It's pretty, and I like it, but it's just too attached to a particular person and time of my life for me to enjoy it - or even finish it. And I'm ready to let it go. I'd like to see it go to someone who really will enjoy it, use it, and perhaps even finish it! I saw that M5K had sold a found quilt top on Ebay . . . and it got me to thinking. Is this a potential path for the Fishing Cabin in the Woods quilt top? Or is there something even better I could do with it?
Sunday, November 25, 2007
I only do a few "craft shows" a year now, but 15 years ago, they were how I made my living. Loading my van up with bins full of stuff, hauling it up and down the west coast, setting up the booth, freezing or sweating, and hoping I sold some stuff . . . fortunately for all aspiring crafters and artists, we now have the internet and Etsy shops.
Of course, craft shows still happen - but, thank heavens, now, I'm only doing a few a year - and small ones at that. It gets the word out about my classes, I get to meet people, and I reduce my ever-growing inventory of class samples and experiments. (After all, how many of these things can my friends actually absorb?) As a result, I end up with a bizarre mish-mash of stuff at my table - almost like a crafter's rummage sale - and I am beginning to think that an Etsy shop might be a more efficient way for me to offer these things up to the wider world . . .
Oh boy. Another project. Let's finish NaBloPoMo first, shall we? And then there's that book I'm working on . . .
Bottom line, though, I had a great time at the Secret Society Sale (and hauling my stuff up the stairs meant some much needed exercise!) and have a few folks to recommend . . .
Erin MacLeod, of the Crafty MacLeods*, makes these wonderful one-size-fits-many snap around skirts. I wear about a size 10, and they work great for me! I got one this summer, and picked up a few more today since her booth was right next to mine . . . And I saw the gal from Woolie Originals again . . . she makes lovely hats, etc., from reclaimed sweater pieces-parts, but what I'm most crazy about are her collages from old sweaters. I'm getting on her mailing list, and hoping to pick one up sometime in the next year . . . rumor is, she may be doing a piece that features an Octopus! I'm getting excited just thinking about it . . .
(* Do not be disturbed if you didn't catch the obscure Highlander reference. I did it to amuse myself.)
Saturday, November 24, 2007
The turkey soup is made, and now begins the official mad dash to make holiday gifts . . . the crafty among you know what I mean . . . the plans to make ornaments or handcrafted individual cards or fleece hats or whatever for each person on your list . . . the plans which frequently come to naught and mean ordering gifts like chocolates on-line for next-day delivery . . .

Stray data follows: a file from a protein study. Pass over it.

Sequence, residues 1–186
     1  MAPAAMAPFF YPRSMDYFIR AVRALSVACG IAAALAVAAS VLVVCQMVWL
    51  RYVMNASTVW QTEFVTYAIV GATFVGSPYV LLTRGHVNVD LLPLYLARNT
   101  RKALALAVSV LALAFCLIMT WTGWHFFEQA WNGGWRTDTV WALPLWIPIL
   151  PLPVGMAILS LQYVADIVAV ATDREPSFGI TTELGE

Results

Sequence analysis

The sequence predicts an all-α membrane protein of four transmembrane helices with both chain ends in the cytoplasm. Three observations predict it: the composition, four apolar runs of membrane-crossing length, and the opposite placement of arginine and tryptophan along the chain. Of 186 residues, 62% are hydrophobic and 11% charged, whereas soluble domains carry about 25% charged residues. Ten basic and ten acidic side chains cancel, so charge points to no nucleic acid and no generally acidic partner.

Add to that the fact that I signed up to sell at two local holiday craft bazaars - the main point of which, for me, is to promote my classes. But that also means I need to have a few things to sell. I have a tin full of jewelry samples - not a problem - but I wanted to have some other things as well: magnets, switch plate covers, pillows. Fun, gifty items. As a result, I have gone into production on both fronts.
Some of these are for gifts, some will be turned into magnets, and some will become "pin-up girl push-pin sets." Curious? To buy jewelry, magnets, switchplates, original art and more from me, check out the Secret Society Sale tomorrow - pillows and a few other non-jewelry items will also be ready for the Dinnergrrl's Holiday Bazaar at Cubespace on December 2nd.
And hey - if you think you might be on my Holiday Gift list - feel free to come by, check out the goods, and drop a very large hint . . .
Friday, November 23, 2007
Most everybody was asleep yesterday by the time the turkey was actually done, and the Sweetie's dad actually slept through most of Thanksgiving dinner - jet lag. In spite of these challenges, I am proud to announce that the crew still managed to do some decent damage to it. The Sweetie's little brother used his Marine training ("They taught us how to butcher a goat") to carve the turkey and folks wandered dozily around the house gnawing on little bits of it.
It was declared good. If you interpret "munch munch mumble mumble snore" to mean good. Which I obviously do.
I sent some of the turkey home with the Sweetie's folks, and was left with approximately 95% of a 15 pound turkey - which translates to approximately 1000 pounds of leftovers. I did what any self-respecting cook would do - I stripped the meat off, threw it in plastic containers in the fridge and then put the carcass in the stock pot. Because we're not going to have enough to eat and we need soup.
Actually, turkey soup is one my favorite Thanksgiving memories. Some folks love the day-after turkey sandwiches, but for me, it was my Mommaw's turkey and wild rice soup.
So today, I got in there and separated all the meat from the bones. And I have the meatiest, tastiest soup stock this year that I've ever had! Could it be the brining? (Usually, I'm just making off with the carcass from someone else's house while they give me funny looks and say, "Sure. You can have it if you want it . . . . but are sure you dont' want to take any actual turkey with you?")
This year, though, the carcass started off at my house. And found myself looking at the bones with slightly different eyes. In the past, I've kept only the wishbone. This year, though, I set aside part of the spine, the breastbone, and what I think are the hipbones. I'm boiling the rest of the meat off of them now. The real question is, after the carnage, how do I prepare the bones for use in art? I was thinking about dumping them in bleach after they're done boiling and I also considered hanging them up outside all horror-movie style, but I'm really not sure on the best approach.
A Google search ("Google first, then ask stupid questions") for "preparing bones for use in art" turned up zilch. So now, I turn to you, my loyal readers, for any advice you may have . . .